And the most beautiful thing is that I don’t belong at WHBC simply because everyone else there is as progressive, intellectual, liberal, feminist, and tattooed as I am, because they aren’t. 

I belong because the WHBC community values unity over uniformity.

Because we scoot over our chairs to make room at the table for someone who is perhaps not entirely like ourselves.

Because we respect the faith journeys of others even when they don’t follow the same path as our own.

Because our ministers respect our individuality and recognize that we all come to faith in unique ways and bring valuable perspectives and talents to the table.

Because we genuinely love and care for each other and our larger community.

WHBC is my community, a place where I fit . . . glorified tramp stamp and all.

I thank God for my church, and I pray for those who have been rejected from communities and have subsequently left the faith and for those who can only find the acceptance of fellow Christians via the internet because the churches in their area have not welcomed them (or worse, have actively rejected them) because of any number of factors–from physical appearance to sexual orientation to theological nitpicking.

Here at the end of the Week of Prayer for Christian Unity, my prayer is twofold. First, I pray that every person seeking an authentic spiritual community will find one where his or her whole person is welcomed and accepted, because when we belong, and when we are able to be true to ourselves and vulnerable to those around us, that is when true community and exists and true transformation is possible.

Second, I pray that both in churches and online, all Christians–most especially those who claim the label progressive–will step up to the task of making room at the table for everyone who desires a place there.

Let us all come to the table to break bread together.

Let us fill each other’s cups.

Let us not only say grace, but give and receive it freely.

There is more than enough to go around. 


*My thanks to our guest minister for today, Rev. Christie Ashton from Hope Presbyterian Church for providing some of the inspiration for this blog post, and my thanks and love to all of my BMBC and WHBC friends who may be reading along!  

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Irreparable Damage: The Problem of Christian Purity Culture

What we call Christian “purity culture” in America has developed in the last few decades as a reaction against loosening sexual morality, and it focuses not only on refraining from sex (and other acts like fantasizing or kissing) before marriage, but also on strict rules of modesty that are mostly directed at girls and women. It spawned the True Love Waits campaign that was a staple at the Baptist youth conferences and camps that I attended as a teenager in the mid-90s.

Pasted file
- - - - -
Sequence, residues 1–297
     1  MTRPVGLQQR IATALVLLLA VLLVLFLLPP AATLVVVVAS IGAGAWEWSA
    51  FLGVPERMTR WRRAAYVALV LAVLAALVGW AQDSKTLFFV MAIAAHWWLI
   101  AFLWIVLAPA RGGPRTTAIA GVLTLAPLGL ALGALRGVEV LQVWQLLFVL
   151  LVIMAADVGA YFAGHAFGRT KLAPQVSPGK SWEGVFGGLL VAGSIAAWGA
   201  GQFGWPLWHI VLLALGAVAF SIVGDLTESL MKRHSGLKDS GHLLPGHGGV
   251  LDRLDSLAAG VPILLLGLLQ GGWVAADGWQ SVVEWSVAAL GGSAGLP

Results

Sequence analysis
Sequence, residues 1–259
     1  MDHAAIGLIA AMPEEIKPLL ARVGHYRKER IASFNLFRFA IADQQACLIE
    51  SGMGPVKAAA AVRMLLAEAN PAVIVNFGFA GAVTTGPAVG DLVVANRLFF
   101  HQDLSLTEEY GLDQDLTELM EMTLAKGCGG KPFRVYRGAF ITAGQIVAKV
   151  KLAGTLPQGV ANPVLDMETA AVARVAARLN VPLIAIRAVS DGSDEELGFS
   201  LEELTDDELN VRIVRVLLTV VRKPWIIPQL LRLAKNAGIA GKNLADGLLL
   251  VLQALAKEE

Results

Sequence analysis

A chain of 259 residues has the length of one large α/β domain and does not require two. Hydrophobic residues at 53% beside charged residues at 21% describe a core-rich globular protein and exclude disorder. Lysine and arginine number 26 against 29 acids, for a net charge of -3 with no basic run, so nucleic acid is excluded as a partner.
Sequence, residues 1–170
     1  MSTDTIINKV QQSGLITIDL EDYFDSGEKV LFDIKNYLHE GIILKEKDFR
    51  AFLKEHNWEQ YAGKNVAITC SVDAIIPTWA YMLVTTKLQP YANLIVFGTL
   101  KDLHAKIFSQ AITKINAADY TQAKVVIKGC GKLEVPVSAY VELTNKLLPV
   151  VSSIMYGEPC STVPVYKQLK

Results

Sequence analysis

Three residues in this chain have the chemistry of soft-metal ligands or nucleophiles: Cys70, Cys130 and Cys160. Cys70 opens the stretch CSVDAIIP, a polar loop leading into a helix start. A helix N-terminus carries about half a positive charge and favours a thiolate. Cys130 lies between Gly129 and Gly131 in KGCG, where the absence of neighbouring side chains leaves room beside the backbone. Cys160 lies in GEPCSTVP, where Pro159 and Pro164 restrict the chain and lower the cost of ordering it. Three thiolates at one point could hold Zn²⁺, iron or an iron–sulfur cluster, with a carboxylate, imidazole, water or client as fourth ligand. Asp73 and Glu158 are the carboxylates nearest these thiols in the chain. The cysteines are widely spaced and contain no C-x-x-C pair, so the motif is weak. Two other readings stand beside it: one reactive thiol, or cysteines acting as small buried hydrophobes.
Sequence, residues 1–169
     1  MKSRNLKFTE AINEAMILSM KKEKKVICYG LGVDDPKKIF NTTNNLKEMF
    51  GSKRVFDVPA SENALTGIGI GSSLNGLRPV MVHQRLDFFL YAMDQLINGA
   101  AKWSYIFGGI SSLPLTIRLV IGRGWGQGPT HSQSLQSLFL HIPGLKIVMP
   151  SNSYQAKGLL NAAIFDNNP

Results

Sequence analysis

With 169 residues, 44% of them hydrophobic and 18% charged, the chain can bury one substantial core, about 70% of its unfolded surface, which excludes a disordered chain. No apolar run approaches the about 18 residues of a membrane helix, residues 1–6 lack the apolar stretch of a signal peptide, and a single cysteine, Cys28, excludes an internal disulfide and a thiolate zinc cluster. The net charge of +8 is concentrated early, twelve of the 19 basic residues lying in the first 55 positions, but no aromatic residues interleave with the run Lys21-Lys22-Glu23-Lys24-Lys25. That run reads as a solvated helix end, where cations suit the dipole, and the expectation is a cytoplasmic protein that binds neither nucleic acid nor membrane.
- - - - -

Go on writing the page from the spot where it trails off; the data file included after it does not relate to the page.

In conservative religious circles, purity culture has also prompted the popularity of daddy-daughter dances and dating (I’m all for dads spending time with their daughters, but over-romanticizing it as a ‘date’ is somewhat creepy, as in this video).

Purity balls are even creepier, if not downright horrifying from a feminist standpoint: in one variation of this marriage-like ceremony, a young woman stands up with her father, who gives her a purity ring and pledges to exercise his authority over her, specifically over her purity (i.e. modesty and virginity). Meanwhile, the daughter silently commits herself to remain pure. She does not even get to pledge on her own behalf. 

I have two responses to such ceremonies: the first is “Ick!” and the second is, “What about the boys?”

Well, the founders of the same purity ball described above explain on their website how they provide a supposedly similar experience for their sons, who at age twelve have a “manhood ceremony” in which they are given a purity ring that reminds them to honor God (not the authority of their fathers) and an enormous sword to symbolize “the incredible privilege and responsibility we [that is, men] have to stand courageously as mighty warriors of God.”